Retail Sales Probably Climbed in January: U.S. Economy Preview
The rebound in spending that gave U.S. retailers a lift during the holiday season probably carried over into the new year, signaling consumers may contribute more to growth, economists said before reports this week.
Sales climbed 0.3 percent in January, the third gain in four months, according to the median forecast of 51 economists surveyed by Bloomberg News before Commerce Department figures Feb. 11. Another report may show the trade gap fell in December.
A drop in unemployment last month, combined with a longer workweek and rising wages, signals the economy is poised to generate jobs, leading to gains in income that may boost sales at companies like Macy’s Inc. and Gap Inc. Retailers have kept inventories in check, resulting in fewer markdowns that point to increases in volumes and profit margins.
“Consumers have shown an increased willingness to spend,” said Maxwell Clarke, chief U.S. economist at IDEAglobal in New York. “We see improved prospects stemming from gradual stabilization in labor markets.”
Auto sales probably cooled last month, restraining the overall increase, economists said. Vehicles sales fell in January after three months of gains, industry figures showed last week.
Excluding automobiles, sales probably rose 0.5 percent after a 0.2 percent decrease the previous month, according to the survey median.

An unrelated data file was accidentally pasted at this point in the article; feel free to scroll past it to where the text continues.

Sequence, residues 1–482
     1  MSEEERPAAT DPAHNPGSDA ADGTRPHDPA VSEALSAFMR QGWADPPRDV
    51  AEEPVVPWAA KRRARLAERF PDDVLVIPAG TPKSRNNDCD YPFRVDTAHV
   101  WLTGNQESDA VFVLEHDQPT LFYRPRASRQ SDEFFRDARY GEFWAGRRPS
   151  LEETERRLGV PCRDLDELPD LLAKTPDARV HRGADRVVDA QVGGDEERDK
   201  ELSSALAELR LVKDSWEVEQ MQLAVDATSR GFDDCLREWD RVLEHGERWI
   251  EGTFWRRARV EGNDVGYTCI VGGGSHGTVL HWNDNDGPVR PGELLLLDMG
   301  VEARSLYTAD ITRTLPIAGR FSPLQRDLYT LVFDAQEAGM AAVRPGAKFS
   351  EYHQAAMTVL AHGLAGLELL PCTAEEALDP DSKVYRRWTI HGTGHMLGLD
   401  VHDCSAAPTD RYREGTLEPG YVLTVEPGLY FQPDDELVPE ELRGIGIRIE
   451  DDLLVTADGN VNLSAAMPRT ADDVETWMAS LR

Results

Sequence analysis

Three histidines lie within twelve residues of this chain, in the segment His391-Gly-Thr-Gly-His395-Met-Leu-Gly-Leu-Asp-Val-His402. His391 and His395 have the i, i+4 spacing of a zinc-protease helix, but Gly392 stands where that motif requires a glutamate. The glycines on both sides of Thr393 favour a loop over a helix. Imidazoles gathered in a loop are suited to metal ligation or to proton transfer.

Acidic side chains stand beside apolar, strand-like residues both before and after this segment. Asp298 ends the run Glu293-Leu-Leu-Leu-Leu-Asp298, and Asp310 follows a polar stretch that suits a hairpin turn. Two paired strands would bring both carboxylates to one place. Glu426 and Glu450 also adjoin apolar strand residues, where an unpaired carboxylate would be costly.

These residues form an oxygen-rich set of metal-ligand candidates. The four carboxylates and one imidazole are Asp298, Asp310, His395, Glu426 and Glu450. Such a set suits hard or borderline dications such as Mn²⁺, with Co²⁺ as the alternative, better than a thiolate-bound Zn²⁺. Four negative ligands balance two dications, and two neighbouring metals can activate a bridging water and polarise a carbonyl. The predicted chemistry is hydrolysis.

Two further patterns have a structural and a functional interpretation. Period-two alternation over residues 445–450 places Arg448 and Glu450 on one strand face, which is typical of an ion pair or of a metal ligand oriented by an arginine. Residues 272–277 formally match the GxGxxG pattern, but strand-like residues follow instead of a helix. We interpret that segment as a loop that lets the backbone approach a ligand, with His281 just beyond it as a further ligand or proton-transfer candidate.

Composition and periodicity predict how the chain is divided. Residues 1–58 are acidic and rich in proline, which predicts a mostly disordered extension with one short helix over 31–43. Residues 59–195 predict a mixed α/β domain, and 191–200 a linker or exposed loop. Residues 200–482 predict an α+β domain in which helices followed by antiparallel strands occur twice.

Sales at Macy’s
Macy’s, the second-largest U.S. department-store company, said in a statement last week that sales at stores open at least a year gained 3.4 percent in January, helped by online purchasing. The Cincinnati-based retailer said fourth-quarter profit exceeded its forecast.
Purchases at 31 chains rose 3 percent last month, the International Council of Shopping Centers said Feb. 4, beating the 1 percent increase the group anticipated.
The jobless rate unexpectedly fell to 9.7 percent last month from 10 percent in December, figures from the Labor Department showed last week. The median forecast of economists surveyed anticipated no change.
A 20,000 drop in payrolls served as a reminder that the labor market has yet to fully recover.
The U.S. economy, the world’s largest, expanded 5.7 percent in the last three months of 2009, the most in six years, the Commerce Department said last month. Consumer spending grew 2 percent during that period.
As the economy expanded in the second half of last year, the Standard & Poor’s 500 Index rose 21 percent. Stocks have declined 4.4 percent since the beginning of the year as China stepped up efforts to curb lending, the Obama administration proposed rules to rein in risk-taking at banks and concern grew over government debt levels in Greece, Spain and Portugal.
Manufacturing gains, spurred by business investment in new equipment and growth overseas, probably boosted U.S. exports, helping to narrow the trade gap, economists project a Feb. 10 report from the Commerce Department will show. The deficit probably shrank to $35.5 billion in December from $36.4 billion the prior month, according to the survey median.
Inventories in the U.S. probably rose in December for a third straight month, economists said ahead of a Feb. 11 Commerce Department report. Stockpiles increased 0.3 percent after 0.4 percent in November as businesses gained confidence in the strength of the U.S. recovery, the survey showed.
Consumers may also be turning more confident. The Reuters/University of Michigan preliminary sentiment index for February, due Feb. 12, probably rose to 75, the highest level since January 2008, from 74.4 last month, the survey showed.